For the Pokémon of the same name, see Dragonair (Pokémon).
Founded 24 May 1985
Commenced operations July 1985
Hubs Hong Kong International Airport
Frequent-flyer program
  • Asia Miles
  • The Marco Polo Club
Airport lounge
  • G16 Lounge
  • The Wing
  • The Pier
  • The Cabin
  • The Arrival
Alliance Oneworld
Fleet size 32
Destinations 32
Parent company Cathay Pacific
Headquarters Hong Kong International Airport
Chek Lap Kok, Hong Kong
Key people
Website dragonair.com

Hong Kong Dragon Airlines Limited (T: 港龍航空有限公司, S: 港龙航空有限公司, Cantonese: gong2 lung4 hong4 hung1 jau5 haan6 gung1 si1, Pinyin: Gǎng​lóng​ Háng​kōng Yǒu​xiàn​gōng​sī), operating as Dragonair, is an international airline and flag carrier headquartered in Hong Kong; with its corporate headquarters, Dragonair House (港龍大厦, 港龙大厦, C: gong2 lung4 daai6 haa6, Pinyin: Gǎnglóng Dàshà), and main hub at Hong Kong International Airport.[1][2] The airline operates a scheduled passenger network to 32 destinations in 12 countries and territories across Asia, including codeshares. It has an all Airbus fleet of 31 aircraft, consisting of A320s, A321s and A330s. Dragonair is a wholly owned subsidiary of Hong Kong's flag carrier, Cathay Pacific, and is an affiliate member of the Oneworld airline alliance. The airline was founded on 24 May 1985 by Chao Kuang Piu, the airline's present honorary chairman. Its maiden flight departed Hong Kong for Kota Kinabalu, Malaysia after being granted an air operator's certificate (AOC) by the Hong Kong Government in July 1985. In 2009, Dragonair, together with its parent, Cathay Pacific, operated over 56,000 flights, carried nearly 25 million passengers and over 1.52 billion kg of cargo and mail.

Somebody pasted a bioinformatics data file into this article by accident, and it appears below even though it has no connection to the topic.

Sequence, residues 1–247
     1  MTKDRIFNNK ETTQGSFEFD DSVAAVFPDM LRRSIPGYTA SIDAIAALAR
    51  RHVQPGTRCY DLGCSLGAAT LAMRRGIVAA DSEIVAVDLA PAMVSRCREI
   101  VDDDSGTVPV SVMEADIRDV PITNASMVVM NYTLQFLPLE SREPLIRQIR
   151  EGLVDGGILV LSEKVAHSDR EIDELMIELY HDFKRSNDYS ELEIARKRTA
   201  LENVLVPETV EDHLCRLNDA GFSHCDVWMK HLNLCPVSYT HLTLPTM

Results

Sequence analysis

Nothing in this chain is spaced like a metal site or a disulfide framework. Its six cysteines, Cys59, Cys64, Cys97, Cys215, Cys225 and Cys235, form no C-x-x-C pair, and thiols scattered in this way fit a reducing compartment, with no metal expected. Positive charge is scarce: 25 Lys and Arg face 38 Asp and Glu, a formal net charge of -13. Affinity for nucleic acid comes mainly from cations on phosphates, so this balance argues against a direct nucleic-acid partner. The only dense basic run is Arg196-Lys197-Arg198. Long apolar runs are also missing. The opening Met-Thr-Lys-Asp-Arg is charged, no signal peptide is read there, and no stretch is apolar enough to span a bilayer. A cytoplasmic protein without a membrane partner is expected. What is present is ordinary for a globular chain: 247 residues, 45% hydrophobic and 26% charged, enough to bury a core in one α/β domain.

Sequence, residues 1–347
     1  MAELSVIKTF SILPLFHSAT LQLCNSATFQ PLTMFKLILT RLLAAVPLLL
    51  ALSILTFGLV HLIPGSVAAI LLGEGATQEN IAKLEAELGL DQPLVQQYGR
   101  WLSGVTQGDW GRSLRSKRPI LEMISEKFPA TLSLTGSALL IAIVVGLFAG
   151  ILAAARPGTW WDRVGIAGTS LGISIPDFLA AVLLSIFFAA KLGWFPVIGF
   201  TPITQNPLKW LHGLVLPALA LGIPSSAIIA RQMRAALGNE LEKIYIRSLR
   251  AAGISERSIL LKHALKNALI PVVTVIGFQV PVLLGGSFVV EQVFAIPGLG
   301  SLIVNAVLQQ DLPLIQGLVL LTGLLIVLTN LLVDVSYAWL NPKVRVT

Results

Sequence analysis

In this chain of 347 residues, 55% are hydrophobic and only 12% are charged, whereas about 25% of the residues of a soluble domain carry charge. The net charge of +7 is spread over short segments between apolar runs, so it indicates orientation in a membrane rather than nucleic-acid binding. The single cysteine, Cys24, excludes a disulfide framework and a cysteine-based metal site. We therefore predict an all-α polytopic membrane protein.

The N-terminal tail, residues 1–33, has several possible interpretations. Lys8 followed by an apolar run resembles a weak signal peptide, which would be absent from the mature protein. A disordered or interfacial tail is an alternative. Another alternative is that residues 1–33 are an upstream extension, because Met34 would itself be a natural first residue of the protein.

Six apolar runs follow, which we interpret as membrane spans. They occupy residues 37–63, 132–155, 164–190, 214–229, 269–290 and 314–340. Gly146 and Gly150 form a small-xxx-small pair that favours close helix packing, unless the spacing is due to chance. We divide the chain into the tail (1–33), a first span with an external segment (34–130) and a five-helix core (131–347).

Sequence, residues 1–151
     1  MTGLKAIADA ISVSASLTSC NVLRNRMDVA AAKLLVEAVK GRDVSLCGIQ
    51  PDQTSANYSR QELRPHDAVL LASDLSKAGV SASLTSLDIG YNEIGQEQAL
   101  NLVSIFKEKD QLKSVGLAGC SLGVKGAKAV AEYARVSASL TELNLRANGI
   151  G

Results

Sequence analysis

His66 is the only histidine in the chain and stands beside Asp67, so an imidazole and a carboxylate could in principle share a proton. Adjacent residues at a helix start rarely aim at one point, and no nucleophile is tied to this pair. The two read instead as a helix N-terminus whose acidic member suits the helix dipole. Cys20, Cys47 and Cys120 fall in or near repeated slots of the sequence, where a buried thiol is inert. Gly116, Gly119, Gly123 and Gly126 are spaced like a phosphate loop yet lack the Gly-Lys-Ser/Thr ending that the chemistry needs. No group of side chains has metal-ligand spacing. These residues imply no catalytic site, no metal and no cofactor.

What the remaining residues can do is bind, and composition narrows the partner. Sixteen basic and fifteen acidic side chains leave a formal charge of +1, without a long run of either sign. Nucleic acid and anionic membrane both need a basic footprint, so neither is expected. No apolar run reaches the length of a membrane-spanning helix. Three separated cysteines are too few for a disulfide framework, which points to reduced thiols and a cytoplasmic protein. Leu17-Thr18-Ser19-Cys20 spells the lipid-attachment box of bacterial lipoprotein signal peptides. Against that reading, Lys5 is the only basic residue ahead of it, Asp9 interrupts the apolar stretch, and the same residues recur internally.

An Airbus A320-200 painted in Dragonair's livery taxiing on the taxiway
Dragonair Airbus A320-200

Early beginning

Dragonair House
Dragonair House, the head office at Hong Kong International Airport